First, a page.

PEREGRINES are nesting at Salisbury Cathedral for the first time in more than 50 years.
Prior to the 1950s fledgling peregrines were fairly regularly seen at the cathedral but the population declined in that decade and 1953 was the last time they nested there.
Clerk of works Gary Price said: “The peregrine population went into steep decline throughout the 1950s and '60s as a result of the effects of the widespread use of organochloride pesticides (eg DDT).
“These chemicals worked their way up the food chain, causing egg shell thinning and failed nests.
"By the mid 60s the population had fallen to only a few dozen pairs across the UK.
“However, with the banning of DDT and its relatives, the peregrine population slowly started to recover in the 1980s, with birds returning to traditional sites.
“Their return to Salisbury cathedral has been long anticipated, with birds regularly wintering on the spire, and we're delighted they have now settled.”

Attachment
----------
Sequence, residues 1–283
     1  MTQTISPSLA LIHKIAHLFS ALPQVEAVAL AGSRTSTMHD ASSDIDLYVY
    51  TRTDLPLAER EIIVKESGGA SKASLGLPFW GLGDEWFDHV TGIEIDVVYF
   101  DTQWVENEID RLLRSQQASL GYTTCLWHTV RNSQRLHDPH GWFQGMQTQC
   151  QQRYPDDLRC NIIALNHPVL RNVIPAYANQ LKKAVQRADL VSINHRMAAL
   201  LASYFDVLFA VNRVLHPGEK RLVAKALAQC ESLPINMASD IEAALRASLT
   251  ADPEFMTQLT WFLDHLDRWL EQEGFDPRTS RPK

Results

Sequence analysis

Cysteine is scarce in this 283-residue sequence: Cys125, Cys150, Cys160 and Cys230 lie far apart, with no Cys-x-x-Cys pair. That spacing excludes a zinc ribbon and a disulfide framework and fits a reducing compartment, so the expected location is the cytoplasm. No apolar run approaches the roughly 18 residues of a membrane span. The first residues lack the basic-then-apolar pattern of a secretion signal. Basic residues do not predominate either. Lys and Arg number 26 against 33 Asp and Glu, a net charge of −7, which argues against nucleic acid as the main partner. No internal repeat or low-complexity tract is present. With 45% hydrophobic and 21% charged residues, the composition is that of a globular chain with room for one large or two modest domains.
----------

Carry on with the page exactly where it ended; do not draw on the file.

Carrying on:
Staff at the cathedral have been working with the RSPB to try to entice the birds to nest there.
After taking advice on the type of nesting box to provide they observed an increased activity around the spire and the peregrines were spotted sitting at the top of the tower.
There are now three eggs in their nest. Phil Sheldrake, Conservation Officer with the RSPB, said: “Salisbury Cathedral really is the ancestral home of the 'urban' peregrine, with records dating from the mid 1800s. It is fantastic we now have one of our most spectacular birds back at possibly the country's most spectacular cathedral.”
Visitors taking the cathedral's tower tours will shortly be able to see the latest happenings via a screen set up at the base of the spire.
Tours can be booked online at salisburycathedral.org.uk, by calling 01722 555156 or at the cathedral.